Objectives: To categorise questions that emergency department physicians have during patient encounters.
Methods: An observational study of 26 physicians at two institutions. All physicians were followed for at least two shifts. All questions that arose during patient care were recorded verbatim. These questions were then categorised using a taxonomy of clinical questions.
Results: Physicians had 271 questions in the course of the study. The most common questions were about drug dosing (35), what drug to use in a particular case (28), “what are the manifestations of disease X” (23), and what laboratory test to do in a situation (21). Notably lacking were questions about medication costs, administrative questions, questions about services in the community, and pathophysiology questions.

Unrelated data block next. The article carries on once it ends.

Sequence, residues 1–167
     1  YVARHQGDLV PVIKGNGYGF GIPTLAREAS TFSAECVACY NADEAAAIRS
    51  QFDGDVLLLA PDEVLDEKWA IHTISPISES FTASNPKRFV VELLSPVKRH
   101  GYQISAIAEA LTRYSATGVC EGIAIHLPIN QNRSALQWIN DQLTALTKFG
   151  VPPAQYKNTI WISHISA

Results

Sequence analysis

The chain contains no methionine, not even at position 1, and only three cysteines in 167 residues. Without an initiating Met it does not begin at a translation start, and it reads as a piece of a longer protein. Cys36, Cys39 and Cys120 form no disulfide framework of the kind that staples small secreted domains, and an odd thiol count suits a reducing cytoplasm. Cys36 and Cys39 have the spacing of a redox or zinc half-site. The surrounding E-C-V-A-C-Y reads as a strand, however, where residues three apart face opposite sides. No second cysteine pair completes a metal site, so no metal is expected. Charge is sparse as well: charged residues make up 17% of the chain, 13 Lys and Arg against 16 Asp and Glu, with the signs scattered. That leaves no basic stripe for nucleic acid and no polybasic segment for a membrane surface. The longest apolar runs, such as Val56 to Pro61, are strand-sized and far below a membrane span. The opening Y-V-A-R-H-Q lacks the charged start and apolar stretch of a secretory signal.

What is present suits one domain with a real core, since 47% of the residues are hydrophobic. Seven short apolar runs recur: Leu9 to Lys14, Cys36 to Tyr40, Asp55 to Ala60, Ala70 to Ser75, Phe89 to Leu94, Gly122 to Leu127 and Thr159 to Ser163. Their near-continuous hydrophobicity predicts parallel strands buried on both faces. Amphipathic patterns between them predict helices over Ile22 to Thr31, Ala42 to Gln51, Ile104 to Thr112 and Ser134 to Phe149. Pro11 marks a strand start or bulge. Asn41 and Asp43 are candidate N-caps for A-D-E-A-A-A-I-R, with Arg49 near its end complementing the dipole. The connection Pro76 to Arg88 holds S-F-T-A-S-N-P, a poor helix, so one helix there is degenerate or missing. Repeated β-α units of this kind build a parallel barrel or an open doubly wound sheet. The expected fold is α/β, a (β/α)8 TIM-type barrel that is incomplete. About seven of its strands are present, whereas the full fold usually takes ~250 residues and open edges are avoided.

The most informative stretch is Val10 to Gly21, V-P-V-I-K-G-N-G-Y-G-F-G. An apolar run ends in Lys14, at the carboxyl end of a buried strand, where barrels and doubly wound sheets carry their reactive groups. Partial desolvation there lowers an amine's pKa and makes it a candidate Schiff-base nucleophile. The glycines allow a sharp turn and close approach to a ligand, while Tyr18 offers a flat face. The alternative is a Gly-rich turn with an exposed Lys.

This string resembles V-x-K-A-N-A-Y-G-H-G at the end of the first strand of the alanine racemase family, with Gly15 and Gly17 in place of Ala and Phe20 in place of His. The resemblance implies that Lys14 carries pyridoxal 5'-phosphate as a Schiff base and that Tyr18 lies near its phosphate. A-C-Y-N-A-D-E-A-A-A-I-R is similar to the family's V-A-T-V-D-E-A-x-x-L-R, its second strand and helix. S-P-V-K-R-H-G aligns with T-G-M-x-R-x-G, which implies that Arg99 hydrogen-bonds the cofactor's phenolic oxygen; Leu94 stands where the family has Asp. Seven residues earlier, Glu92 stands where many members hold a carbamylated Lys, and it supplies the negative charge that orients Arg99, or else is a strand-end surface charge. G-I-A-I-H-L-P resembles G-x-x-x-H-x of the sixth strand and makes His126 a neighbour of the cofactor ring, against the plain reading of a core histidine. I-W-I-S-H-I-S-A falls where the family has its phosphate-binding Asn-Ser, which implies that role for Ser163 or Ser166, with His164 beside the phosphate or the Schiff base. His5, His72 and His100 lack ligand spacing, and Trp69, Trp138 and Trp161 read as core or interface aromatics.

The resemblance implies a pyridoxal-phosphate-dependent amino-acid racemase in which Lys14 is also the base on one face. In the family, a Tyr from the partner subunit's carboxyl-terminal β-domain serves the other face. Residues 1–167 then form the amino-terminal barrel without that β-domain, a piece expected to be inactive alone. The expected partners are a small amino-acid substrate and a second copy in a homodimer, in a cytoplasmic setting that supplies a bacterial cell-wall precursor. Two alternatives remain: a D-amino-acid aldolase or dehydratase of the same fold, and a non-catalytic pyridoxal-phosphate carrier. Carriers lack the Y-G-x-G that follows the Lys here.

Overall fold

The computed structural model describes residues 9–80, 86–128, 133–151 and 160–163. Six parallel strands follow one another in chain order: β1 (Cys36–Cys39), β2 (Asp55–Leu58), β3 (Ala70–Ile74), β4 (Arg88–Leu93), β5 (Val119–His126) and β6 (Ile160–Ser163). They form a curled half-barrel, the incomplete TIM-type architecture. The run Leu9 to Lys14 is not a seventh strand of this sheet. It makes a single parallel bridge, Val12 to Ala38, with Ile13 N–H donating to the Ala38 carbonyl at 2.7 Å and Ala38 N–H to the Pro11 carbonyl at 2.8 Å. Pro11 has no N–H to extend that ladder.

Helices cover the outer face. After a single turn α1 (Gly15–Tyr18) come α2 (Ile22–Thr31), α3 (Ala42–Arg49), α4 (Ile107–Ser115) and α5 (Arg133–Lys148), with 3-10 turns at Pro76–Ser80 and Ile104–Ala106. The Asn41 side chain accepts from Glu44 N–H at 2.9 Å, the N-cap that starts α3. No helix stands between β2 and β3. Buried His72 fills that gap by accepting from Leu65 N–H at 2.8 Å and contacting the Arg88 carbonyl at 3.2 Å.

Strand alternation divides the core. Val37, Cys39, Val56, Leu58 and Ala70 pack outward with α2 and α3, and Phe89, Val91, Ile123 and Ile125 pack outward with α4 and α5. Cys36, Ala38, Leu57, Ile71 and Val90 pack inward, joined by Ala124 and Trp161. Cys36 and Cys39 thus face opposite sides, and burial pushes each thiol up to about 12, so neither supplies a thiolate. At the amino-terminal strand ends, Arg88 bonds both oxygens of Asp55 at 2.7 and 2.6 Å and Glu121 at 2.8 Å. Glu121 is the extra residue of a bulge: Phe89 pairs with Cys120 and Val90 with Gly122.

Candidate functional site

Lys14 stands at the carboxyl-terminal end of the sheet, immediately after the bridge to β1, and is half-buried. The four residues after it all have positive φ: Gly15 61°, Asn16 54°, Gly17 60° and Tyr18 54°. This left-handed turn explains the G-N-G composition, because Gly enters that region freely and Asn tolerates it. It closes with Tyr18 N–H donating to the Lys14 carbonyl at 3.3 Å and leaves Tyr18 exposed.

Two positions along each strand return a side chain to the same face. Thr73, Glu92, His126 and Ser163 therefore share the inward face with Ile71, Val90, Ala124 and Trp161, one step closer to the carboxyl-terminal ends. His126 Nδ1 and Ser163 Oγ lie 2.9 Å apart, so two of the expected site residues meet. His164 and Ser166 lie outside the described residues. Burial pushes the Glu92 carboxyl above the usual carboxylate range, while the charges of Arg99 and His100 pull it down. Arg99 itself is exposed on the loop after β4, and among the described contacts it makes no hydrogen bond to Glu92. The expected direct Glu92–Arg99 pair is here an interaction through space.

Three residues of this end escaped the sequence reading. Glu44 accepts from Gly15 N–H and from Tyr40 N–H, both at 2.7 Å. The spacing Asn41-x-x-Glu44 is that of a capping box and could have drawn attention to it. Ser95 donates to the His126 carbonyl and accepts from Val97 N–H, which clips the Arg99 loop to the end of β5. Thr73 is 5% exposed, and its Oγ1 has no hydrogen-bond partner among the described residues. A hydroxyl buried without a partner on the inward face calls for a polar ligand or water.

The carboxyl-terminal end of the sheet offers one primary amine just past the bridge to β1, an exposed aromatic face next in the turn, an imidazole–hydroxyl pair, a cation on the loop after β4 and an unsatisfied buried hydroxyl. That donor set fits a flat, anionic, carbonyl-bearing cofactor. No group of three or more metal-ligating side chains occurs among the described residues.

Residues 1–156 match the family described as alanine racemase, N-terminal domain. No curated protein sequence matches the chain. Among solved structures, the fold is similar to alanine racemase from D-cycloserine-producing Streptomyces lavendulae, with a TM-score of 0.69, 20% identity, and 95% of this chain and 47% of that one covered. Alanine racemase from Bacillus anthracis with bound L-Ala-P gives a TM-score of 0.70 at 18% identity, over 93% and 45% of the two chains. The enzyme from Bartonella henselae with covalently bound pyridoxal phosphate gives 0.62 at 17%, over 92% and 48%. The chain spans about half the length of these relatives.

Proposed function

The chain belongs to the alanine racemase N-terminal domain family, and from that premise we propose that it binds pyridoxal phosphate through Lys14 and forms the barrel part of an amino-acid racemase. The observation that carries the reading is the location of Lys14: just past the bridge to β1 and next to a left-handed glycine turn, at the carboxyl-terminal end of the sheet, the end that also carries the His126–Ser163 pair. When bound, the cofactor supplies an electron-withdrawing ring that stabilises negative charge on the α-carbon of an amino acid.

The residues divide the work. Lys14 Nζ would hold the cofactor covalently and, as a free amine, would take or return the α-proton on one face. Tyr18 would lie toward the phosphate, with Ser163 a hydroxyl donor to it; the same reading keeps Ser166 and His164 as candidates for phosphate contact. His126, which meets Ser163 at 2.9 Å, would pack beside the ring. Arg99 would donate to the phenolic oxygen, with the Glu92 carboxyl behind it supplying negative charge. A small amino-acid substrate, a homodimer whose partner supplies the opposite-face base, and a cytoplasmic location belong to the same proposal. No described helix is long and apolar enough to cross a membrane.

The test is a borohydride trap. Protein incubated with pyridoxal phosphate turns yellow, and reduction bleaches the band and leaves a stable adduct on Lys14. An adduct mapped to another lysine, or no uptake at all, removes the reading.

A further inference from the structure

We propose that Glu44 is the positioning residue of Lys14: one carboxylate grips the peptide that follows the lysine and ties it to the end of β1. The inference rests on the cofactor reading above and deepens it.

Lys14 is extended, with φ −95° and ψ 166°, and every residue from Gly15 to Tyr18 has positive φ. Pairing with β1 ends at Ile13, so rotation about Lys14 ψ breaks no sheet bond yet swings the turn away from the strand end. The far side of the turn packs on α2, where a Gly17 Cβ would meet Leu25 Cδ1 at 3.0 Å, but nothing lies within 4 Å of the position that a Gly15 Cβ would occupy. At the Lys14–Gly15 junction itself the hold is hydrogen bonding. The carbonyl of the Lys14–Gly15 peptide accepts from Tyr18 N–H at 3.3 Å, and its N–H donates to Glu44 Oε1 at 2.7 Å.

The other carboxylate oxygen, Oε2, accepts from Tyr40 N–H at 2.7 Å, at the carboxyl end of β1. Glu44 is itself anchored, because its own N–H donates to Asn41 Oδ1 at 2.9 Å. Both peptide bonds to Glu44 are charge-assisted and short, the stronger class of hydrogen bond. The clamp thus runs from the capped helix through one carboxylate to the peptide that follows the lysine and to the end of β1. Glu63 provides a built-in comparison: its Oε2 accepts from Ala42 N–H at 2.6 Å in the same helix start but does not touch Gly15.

Conclusions: Emergency department physicians tend to have questions that cluster around practical issues such as diagnosis and treatment. In routine practice they have fewer epidemiologic, pathophysiologic, administrative, and community services questions.
Statistics from Altmetric.com
Competing interests: None declared.
Mark A Graber helped to design the study, analyse the data, adjudicate question categories, and had primary responsibility for project oversight and writing the paper. Bradley D Randles helped to design the study, collect the data and write the paper. John W Ely helped to design the study, helped to adjudicate question categories, write the paper and helped with study oversight. Jay Monnahan helped to collect the data. Bobby Peters, Charles Jennissen and Dean Anderson helped to categorise the questions.
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